Report from Fletcher’s Cove - June 1, 2010
It’s striper season in D.C. Since May 16th, an angler has been allowed to keep two 18-inch or longer striped bass per day, one of which may be over 28 inches. Now, bear in mind, the fish themselves swim to a different tune than humans. A “legal size” time frame is just an overlay on nature’s timing. Don’t be confused… many stripers were caught and (hopefully) released before mid May. There are still some legal size fish around Fletcher’s, so if you want to have a chance to catch one, fish before the water gets too hot in July.
Becky and Mike Crowder are an angling couple who regularly have success finding a big striper or two, plus some tub-size catfish. We always enjoy their visits and as you can see from these mid-May photos, their teamwork really paid off. That’s Becky with a 32-pound striper and a 42-pound catfish, both released to fight again.
If you are planning on fishing at some other location and need bait or tackle, don’t forget that Fletcher’s is really the only in-town tackle shop. Our small size dictates that the selection is kept to the basics, but if you need hooks, sinkers, bobbers, worms, bass lures or some light to medium spinning combos, then we may well have what you want. D.C. fishing permits also can be purchased through the summer and early fall.
It’s easy to be cynical in this day and age, just read the paper or watch the news. Who would have thought the phrase “fill'er-up” would apply to the Gulf of Mexico? Or that we would have to take off our shoes, not to enter a Japanese restaurant, but to board a plane? But when one takes a moment to think about what this country’s ideals stand for, then the picture changes. Cynicism can disappear. To paraphrase a line from President Reagan in 1984, ‘it’s always morning in America’. Each new day we have the freedom and opportunity to strive for those core ideals. It is that bright morning of idealism that our brave servicemen and women fight and sometimes die for in our nation’s conflicts. Those who gave their very lives, we honor on Memorial Day.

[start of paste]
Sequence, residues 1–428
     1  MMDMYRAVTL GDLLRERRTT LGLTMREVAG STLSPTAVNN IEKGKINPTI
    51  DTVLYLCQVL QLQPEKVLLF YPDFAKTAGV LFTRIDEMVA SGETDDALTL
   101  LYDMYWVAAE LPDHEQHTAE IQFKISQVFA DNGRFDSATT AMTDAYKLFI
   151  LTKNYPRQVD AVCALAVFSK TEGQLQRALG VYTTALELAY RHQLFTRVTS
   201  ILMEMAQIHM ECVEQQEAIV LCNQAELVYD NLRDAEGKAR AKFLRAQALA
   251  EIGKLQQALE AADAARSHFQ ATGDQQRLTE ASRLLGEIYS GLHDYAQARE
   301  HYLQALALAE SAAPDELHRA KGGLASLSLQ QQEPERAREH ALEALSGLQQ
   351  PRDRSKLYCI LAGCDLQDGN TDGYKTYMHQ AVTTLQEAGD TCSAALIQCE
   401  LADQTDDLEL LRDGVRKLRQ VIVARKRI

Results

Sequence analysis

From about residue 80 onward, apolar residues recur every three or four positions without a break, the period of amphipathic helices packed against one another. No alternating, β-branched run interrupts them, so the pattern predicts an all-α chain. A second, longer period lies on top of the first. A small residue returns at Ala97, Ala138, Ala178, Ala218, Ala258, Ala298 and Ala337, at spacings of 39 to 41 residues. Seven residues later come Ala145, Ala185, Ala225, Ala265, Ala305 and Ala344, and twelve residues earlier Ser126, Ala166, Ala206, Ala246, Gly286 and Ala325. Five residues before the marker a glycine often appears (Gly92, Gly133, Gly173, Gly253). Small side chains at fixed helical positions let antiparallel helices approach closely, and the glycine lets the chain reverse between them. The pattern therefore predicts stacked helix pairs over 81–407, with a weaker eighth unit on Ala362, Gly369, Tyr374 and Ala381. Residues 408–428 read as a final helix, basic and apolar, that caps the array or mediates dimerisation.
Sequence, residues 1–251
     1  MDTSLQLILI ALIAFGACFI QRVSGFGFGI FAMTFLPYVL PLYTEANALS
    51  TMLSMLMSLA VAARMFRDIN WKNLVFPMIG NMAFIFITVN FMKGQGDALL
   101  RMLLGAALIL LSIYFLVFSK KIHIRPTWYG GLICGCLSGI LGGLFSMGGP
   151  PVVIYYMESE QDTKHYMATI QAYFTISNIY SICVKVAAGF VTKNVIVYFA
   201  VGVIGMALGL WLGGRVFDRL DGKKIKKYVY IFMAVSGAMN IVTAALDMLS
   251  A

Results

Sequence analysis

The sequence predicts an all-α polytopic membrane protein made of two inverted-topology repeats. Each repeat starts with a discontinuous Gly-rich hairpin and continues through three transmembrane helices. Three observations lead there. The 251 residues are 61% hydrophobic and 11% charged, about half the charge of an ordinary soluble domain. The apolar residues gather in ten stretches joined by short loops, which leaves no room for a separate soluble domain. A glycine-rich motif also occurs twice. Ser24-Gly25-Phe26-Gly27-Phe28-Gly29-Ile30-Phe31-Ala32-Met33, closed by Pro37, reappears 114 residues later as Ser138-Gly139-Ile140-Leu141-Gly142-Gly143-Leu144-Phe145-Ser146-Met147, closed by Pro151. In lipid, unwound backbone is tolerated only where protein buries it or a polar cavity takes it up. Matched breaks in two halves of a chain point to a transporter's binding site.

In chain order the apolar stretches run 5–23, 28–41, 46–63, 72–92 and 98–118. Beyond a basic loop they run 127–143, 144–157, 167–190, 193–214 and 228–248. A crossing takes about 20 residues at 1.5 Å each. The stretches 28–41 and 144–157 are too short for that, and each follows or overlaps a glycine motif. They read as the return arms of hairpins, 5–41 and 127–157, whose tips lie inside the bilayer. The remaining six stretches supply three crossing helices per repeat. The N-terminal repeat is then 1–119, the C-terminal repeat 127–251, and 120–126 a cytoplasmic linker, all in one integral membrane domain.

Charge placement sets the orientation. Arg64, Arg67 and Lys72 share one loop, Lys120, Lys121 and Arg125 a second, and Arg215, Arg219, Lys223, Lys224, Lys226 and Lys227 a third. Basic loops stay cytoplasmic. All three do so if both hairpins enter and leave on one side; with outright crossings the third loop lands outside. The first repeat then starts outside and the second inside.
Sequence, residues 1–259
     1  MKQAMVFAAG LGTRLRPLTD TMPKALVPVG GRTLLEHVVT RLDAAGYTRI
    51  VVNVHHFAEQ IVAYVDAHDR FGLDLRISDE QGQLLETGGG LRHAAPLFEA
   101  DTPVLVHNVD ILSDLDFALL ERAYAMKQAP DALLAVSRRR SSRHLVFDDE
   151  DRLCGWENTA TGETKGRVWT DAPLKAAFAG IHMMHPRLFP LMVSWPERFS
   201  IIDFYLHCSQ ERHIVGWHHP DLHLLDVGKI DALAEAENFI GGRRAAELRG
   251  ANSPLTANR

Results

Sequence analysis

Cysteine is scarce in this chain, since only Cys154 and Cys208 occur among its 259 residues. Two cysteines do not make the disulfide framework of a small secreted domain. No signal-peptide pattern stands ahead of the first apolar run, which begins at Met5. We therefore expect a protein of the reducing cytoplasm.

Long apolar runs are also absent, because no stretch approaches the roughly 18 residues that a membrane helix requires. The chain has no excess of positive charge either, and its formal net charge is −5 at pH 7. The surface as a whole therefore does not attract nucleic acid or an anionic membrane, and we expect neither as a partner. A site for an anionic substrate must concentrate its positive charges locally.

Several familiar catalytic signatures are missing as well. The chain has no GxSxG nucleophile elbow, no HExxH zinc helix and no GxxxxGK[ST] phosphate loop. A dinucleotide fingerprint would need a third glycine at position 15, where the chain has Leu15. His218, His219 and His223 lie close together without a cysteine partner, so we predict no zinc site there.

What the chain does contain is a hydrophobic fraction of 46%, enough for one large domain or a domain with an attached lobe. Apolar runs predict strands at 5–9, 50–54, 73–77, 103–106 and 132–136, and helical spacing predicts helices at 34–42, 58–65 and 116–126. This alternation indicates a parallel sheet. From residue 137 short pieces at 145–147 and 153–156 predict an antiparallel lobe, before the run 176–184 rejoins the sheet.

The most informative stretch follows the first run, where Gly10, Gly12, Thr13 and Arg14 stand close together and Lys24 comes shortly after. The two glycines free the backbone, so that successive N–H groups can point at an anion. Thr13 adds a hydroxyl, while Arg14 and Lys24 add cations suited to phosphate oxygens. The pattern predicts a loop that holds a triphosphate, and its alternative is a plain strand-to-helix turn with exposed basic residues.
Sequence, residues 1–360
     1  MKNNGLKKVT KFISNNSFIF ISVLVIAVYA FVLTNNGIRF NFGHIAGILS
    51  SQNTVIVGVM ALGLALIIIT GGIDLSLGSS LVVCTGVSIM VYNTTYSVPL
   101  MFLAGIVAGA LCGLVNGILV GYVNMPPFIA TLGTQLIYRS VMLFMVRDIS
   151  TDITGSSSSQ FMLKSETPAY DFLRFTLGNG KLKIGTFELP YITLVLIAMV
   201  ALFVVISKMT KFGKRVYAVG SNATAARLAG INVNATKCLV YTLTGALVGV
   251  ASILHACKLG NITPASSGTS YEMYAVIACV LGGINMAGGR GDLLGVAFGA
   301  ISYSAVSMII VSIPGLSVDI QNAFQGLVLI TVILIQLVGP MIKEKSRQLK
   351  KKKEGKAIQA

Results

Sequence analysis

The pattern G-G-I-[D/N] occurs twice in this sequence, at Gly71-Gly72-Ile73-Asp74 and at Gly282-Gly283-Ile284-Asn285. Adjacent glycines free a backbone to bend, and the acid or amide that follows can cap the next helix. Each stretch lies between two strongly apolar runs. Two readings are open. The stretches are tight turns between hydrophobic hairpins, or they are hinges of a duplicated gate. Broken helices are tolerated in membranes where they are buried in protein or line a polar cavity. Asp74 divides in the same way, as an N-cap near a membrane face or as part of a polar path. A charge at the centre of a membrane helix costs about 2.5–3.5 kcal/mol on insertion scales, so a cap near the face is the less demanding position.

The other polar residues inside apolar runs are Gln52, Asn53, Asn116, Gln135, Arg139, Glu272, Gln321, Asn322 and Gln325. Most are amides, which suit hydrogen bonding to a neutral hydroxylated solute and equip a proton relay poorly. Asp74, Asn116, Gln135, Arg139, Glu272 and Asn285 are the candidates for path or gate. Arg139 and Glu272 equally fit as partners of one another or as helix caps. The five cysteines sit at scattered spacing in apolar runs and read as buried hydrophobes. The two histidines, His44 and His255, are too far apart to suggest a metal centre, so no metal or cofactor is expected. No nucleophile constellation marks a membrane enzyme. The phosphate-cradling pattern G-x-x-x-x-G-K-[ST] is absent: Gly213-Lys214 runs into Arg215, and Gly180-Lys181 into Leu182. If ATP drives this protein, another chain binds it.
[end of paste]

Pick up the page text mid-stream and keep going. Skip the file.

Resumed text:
Memorial Day is about those who died in combat. That is its proper focus. But not all wounds of war manifest themselves immediately.
I want to tell you a little about a Navy veteran who was dear to the Fletcher’s family and who recently passed away from complications of cancer. John Murto was a true hero. He wasn’t blasted by bullets or shrapnel, he was blasted repeatedly in Vietnam by Agent Orange, a more insidious weapon of modern war. John was a mate on a fuel supply ship, plying the rivers of South Vietnam. To protect the ship from attack, Agent Orange was sprayed along the rivers to de-foliate the shoreline. If you were on that ship, there was no escaping that mist from above.
This happened before I knew John. My memory of him is from the 1970s and ’80s when we worked together at Fletcher’s. I will always remember John for his kindness and happy attitude in spite of the health troubles that followed him home from Southeast Asia. He never seemed bitter… only happy to be an American boy from the “small-town neighborhood” of Palisades, above the boathouse. John grew up in a big Catholic family where hard work was second nature, and that showed at Fletcher’s. He was always enthusiastic and ready to help. A good mentor to a younger employee! Once, John jumped into a Fletcher boat, fired up the outboard and raced up the Potomac to rescue a capsized canoeist from the rapids at Little Falls.
To give you a window on John’s character and his abiding love, think of this: John volunteered for a second tour of duty in Vietnam to prevent his younger brother from being drafted into combat. That’s a deep river.
Medals are awarded for valor and service in war, and these symbols surely deserve our respect. But there are no Purple Hearts for the more mysterious, slow-motion wounds and mental trauma our service people suffer. So it is up to us to remember and respect these things too.
John moved on from Fletcher’s to a long career at the Library of Congress. He leaves the love of his life, Ellie, and a beautiful daughter, Sara.
John Murto played a big part in making Fletcher’s Boathouse the “people-place” it has always been. Thank you, John… you will always be remembered.